|Cell Proliferation Induced by IL-9 and Neutralization by Human IL-9 Antibody. Recombinant Human IL-9 (Catalog # 209-IL) stimulates proliferation in the MO7e human megakaryocytic leukemic cell line in a dose-dependent manner (orange line), as measured by Resazurin (Catalog # AR002). Proliferation elicited by Recombinant Human IL-9 (2 ng/mL) is neutralized (green line) by increasing concentrations of Mouse Anti-Human IL-9 Monoclonal Antibody (Catalog # MAB2092). The ND50 is typically 1-5 μg/mL|
Human IL-9 was originally identified as a cytokine found in the conditioned medium of a human T cell leukemia virus type I (HTLV-I) transformed T cell line that is mitogenic for the factor-dependent human megakaryoblastic leukemic cell line, M07e. The cDNA encoding this cytokine was subsequently isolated by functional expression cloning and found to be similar to the mouse T cell growth factor III/P40. This human cytokine and its murine homologue are now designated as human and mouse IL-9. Besides HTLV-I or -II transformed T cell lines, rhIL-9 is also produced by activated human PBLs. Human IL-9 was also reported to be expressed by primary and cultured Hodgkin and Reed-Sternberg (H-RS) cells derived from Hodgkin’s disease patients, suggesting a possible role for rhIL-9 in the development of the pathophysiology of Hodgkin’s disease.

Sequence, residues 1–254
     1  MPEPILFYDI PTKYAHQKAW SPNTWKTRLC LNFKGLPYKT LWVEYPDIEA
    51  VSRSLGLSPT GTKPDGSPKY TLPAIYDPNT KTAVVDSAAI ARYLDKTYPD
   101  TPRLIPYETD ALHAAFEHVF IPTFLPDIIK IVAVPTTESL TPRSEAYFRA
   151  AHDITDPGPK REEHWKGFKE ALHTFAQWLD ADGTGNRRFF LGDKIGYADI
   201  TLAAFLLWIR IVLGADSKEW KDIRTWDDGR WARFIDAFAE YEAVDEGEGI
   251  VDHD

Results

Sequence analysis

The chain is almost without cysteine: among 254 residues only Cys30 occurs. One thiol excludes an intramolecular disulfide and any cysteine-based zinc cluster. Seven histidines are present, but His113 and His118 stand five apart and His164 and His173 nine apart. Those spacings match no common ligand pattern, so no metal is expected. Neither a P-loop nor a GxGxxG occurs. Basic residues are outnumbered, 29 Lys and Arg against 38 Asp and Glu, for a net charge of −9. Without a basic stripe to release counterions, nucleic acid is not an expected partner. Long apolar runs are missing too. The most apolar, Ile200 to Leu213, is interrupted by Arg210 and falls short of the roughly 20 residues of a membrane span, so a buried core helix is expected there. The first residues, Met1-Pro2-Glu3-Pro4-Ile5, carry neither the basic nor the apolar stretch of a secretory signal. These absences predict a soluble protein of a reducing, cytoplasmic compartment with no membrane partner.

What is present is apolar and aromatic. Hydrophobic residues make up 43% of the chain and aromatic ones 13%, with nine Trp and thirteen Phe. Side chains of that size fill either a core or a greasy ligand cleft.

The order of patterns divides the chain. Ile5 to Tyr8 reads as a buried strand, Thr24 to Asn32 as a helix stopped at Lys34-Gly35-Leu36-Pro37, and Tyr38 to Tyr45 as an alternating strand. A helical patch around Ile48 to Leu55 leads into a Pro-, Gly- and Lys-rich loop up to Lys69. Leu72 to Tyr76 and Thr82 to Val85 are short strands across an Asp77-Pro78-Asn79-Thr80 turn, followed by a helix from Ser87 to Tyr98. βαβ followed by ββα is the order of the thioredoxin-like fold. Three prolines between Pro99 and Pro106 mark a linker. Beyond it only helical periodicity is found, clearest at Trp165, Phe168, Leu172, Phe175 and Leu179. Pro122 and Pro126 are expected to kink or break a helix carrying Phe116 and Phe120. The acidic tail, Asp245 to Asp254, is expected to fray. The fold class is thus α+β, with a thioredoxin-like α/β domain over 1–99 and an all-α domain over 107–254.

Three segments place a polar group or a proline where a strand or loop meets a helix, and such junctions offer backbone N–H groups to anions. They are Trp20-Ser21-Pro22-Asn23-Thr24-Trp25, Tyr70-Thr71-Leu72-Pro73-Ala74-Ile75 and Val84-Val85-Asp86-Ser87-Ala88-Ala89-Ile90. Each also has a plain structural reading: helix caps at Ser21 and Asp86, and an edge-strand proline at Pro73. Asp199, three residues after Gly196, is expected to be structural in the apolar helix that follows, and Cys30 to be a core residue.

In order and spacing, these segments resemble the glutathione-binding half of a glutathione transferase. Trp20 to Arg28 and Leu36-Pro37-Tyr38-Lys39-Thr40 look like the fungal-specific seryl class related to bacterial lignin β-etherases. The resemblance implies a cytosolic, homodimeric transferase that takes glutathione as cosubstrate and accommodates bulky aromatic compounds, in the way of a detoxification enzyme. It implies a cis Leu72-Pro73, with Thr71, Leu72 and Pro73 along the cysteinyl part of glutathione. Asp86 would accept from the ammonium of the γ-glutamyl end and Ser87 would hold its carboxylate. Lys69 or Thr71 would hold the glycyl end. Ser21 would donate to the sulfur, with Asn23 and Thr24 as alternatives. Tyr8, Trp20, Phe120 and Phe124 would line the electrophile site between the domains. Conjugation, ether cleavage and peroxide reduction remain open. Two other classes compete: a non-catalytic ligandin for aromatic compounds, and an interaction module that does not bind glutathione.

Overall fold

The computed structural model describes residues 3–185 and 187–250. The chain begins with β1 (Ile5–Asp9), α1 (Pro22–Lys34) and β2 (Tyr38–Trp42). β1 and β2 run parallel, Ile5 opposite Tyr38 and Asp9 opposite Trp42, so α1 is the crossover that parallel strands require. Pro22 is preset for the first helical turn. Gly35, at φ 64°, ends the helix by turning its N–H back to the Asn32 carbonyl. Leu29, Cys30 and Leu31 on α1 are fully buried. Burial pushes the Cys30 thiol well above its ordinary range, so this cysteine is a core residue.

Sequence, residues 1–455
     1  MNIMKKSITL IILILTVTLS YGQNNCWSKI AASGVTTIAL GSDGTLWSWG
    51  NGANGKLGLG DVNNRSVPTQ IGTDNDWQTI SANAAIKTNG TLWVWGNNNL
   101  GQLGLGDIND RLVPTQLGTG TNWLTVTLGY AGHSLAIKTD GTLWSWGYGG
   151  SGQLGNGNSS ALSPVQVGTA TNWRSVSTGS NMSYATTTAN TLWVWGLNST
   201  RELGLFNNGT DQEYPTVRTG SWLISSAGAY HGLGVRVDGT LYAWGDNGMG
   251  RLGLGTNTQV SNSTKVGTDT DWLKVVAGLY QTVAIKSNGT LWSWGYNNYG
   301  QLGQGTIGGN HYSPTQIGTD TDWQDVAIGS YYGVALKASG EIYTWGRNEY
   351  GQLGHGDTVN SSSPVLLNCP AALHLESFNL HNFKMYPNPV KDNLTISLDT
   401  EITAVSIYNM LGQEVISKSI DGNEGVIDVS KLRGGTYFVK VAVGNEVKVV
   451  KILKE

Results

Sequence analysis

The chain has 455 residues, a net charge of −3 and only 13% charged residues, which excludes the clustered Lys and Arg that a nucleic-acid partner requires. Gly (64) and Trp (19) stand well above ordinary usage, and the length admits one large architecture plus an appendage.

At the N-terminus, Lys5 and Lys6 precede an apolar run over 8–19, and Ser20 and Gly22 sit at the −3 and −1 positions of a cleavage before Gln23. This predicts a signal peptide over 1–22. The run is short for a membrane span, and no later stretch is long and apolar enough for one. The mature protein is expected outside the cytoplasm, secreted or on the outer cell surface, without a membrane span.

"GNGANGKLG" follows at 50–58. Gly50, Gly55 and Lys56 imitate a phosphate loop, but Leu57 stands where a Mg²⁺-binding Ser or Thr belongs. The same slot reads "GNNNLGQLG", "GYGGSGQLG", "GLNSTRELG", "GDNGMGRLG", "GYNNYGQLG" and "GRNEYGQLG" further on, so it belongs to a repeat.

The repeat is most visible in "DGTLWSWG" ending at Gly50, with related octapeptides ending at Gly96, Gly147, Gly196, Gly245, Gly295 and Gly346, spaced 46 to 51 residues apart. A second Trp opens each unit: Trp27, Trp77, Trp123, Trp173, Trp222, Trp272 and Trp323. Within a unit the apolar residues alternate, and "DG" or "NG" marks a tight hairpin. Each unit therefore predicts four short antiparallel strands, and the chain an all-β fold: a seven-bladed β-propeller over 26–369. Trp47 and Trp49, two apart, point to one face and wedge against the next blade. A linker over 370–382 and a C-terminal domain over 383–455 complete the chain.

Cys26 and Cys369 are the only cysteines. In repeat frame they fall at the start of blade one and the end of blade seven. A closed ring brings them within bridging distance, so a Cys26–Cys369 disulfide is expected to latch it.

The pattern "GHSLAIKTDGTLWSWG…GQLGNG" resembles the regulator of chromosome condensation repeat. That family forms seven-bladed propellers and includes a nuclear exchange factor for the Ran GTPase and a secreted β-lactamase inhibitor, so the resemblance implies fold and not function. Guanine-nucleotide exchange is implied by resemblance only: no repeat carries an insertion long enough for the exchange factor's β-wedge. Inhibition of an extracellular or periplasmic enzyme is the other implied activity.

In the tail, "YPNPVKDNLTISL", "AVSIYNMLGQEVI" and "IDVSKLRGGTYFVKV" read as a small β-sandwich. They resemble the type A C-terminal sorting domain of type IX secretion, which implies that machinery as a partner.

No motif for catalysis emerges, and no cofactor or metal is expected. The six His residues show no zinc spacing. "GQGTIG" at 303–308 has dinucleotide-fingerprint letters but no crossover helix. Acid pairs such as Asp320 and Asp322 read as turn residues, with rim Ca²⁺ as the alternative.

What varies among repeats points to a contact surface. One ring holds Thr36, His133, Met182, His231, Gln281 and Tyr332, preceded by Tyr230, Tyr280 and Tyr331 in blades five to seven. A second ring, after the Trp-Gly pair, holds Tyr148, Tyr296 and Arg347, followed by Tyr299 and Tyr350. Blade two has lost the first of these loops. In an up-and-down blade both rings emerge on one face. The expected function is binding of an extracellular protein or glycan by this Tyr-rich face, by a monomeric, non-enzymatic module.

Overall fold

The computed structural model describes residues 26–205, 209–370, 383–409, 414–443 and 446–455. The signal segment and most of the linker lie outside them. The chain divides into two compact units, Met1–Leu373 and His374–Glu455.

Human and murine IL-9 are also capable of enhancing in vitro survival of human T cell lines as well as synergizing with Epo to support erythroid colony formation in vitro. However, the mast cell enhancing activity associated with rmIL-9 has not yet been demonstrated in the human system and no human IL-9-dependent T cell clones have been identified.
The gene for rhIL-9 has been mapped to human chromosome 5. As in the mouse system, the human IL-9 cDNA encodes a 144 amino acid residue precursor protein with an 18 amino acid signal peptide that is cleaved to form the mature cysteine-rich protein with a predicted molecular mass of 14 kDa. Human IL-9 contains four potential N-linked glycosylation sites and the native rhIL-9 is a highly glycosylated protein. Human and mouse IL-9 share 56% and 67% homology at the amino acid and nucleotide levels, respectively. Although murine IL-9 is active on human cells, human IL-9 is not active on mouse cells.